The fifth and sixth episodes of The Last Dance, the ESPN and Netflix 10-part docuseries, are in the rearview mirror.
And with this column coming out in the Friday edition of The Brazil Times, there shouldn’t be any spoilers for whoever may be reading my thoughts (if you haven’t watched the first two episodes yet, fold the paper up or minimize your browser, watch them on whichever streaming network you have and then come back to it).
Listed below are my takeaways from Episode V and VI:
Signing with Nike
• My oh my how different history could’ve been. Entering his rookie season, Michael Jordan was dead set on signing a shoe deal with Adidas. His mind was made up and there wasn’t anything that could sway him one way or the other. That was until Nike came calling and his mother, Deloris, insisted he take the meeting with the up-and-coming company. Jordan agreed to hear them out, although he did admit he went into the pitch not really caring what was said. He was sold on Adidas. But afterward, his dad told him he would be crazy not to sign with Nike after being informed of the plans they had to market him – which included his own shoe – and the $250,000 – more than double what others around the league were making – deal they put in front of him. He agreed to it and wound up selling $126 million of Air Jordan merchandise in his rookie season. And as they say: the rest is history.
Be Like Mike Gatorade commercial
• In Episode 5, it showed how Jordan’s popularity grew. Among the various avenues that helped lift him into superstar status away from the court were the commercials he was in. The infamous Be Like Mike Gatorade commercial that has him playing against kids of all ages while laughing and drinking the popular sports drink would have been right up my alley growing up. It originally aired in 1992 – before I was born – so I didn’t get the chance to see it on television in real-time, but have seen it numerous times over the years and have had the tune that plays throughout it stuck in my head for a few days now – just ask my wife. The message behind the commercial, that everyone wanted to be like Jordan, was fitting as fans flocked to the United Center in Chicago, as well as other venues around the country, to see No. 23 play. In fact, celebrities of all kinds – athletes, comedians, actors, musicians, models, etc. – delved out top dollar to see him suit up. Jerry Rice, the best wide receiver in NFL history, jokingly said on the docuseries that even he wanted to be like Mike.
• Chicago Bulls General Manager Jerry Krause deserves credit for finding Toni Kukoc overseas and drafting him in the second round of the 1990 NBA Draft. But he went about trying to get him to sign with the team the wrong way. With the Bulls attempting to repeat as NBA champions during the 1992 season and the team’s second-best player, Scottie Pippen, trying to ink a contract extension, Krause was not around the team or the complex as often as he probably should have been. Instead, he was in Croatia watching Kukoc. That rubbed Jordan and Pippen the wrong way. And to get back at Krause, Jordan informed his 1992 Olympic Dream Team teammates that he wanted them to leave the young forward for him and Pippen when the United States took on Croatia. They went at him on both ends of the floor, holding him to four points and five assists while also forcing him to turn it over seven times. However, Kukoc earned their respect in the gold medal game when he showed his toughness by nearly dropping a double-double on them (16 points, nine assists). He came stateside for the 1993-94 NBA season and played a pivotal role in the Bulls’ second three-peat of the decade.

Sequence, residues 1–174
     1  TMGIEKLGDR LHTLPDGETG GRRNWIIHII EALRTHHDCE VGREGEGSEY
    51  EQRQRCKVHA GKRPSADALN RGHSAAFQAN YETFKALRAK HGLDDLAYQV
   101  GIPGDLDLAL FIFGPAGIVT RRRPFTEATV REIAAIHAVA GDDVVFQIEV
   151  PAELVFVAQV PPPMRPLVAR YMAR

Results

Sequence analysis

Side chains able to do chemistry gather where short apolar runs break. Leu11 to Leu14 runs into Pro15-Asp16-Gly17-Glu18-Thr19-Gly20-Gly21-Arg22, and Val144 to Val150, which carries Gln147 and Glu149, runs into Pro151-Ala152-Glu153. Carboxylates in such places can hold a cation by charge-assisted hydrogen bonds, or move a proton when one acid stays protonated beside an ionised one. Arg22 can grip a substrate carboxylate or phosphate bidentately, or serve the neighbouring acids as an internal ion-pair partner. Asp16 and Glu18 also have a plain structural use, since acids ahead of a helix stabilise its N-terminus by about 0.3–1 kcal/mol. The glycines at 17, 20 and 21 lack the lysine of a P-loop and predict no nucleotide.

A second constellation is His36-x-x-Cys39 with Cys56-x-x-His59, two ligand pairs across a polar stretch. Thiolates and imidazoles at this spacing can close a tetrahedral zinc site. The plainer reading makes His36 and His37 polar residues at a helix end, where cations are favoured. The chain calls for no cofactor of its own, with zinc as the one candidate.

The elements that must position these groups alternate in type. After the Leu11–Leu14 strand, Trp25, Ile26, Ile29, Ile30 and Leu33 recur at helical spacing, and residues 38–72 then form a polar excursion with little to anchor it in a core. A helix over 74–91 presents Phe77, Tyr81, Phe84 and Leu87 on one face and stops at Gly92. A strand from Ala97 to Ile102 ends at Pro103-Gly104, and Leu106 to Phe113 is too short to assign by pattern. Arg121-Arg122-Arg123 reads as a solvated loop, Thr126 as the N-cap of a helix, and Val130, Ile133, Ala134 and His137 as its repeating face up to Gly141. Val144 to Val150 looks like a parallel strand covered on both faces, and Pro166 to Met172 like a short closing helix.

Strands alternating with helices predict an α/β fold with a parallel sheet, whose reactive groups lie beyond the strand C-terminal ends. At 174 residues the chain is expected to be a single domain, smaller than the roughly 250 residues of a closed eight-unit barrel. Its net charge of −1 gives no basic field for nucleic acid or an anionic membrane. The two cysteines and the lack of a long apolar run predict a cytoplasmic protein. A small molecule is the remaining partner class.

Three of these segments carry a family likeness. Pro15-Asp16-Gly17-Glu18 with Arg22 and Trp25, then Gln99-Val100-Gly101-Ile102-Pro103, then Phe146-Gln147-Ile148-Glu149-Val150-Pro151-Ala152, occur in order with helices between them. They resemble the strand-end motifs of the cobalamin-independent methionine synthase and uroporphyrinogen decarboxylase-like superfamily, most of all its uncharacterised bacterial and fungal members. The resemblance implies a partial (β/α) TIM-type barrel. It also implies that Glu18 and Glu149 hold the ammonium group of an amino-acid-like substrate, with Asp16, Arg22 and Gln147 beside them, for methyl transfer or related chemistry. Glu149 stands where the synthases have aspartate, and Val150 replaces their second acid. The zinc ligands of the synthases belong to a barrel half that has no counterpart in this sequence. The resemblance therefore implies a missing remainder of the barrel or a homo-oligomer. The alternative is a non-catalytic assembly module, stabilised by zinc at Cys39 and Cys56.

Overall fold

• Anyone that’s read stories on Jordan over the years probably knows about his gambling habits. The ultra-competitiveness in him always wanted to put something on the line. And it hasn’t stopped in his retirement years. On Tuesday night, professional golfer Brooks Koepka told a story to Scott Van Pelt on ESPN about different wagers he and Jordan made the last time they shared a golf course. But in Episode 6, it hit on it even more. It showed Jordan testifying in court regarding a gambling debt he had to Slim Bouler, as well as a few clips of Richard Esquinas, a golfing friend, alleging Jordan owed him $1.2 million from various bets made on the course. Jordan was also caught in Atlantic City alongside his father and some friends and family members on the eve of Game 2 of the 1993 Eastern Conference Finals against the New York Knicks. A report came out the next morning saying he didn’t get back to his hotel room until 2:30 a.m. Jordan denied that and said it was closer to midnight, but after the Bulls lost to the Knicks the next day and were put in a 2-0 series hole, questions about whether he had a gambling problem hovered over him and the team. He stopped speaking to the media – until doing a one-on-one sit down interview with Ahmad Rashad – and helped lead the Bulls to the NBA Finals with four straight wins, putting the gambling stories to bed.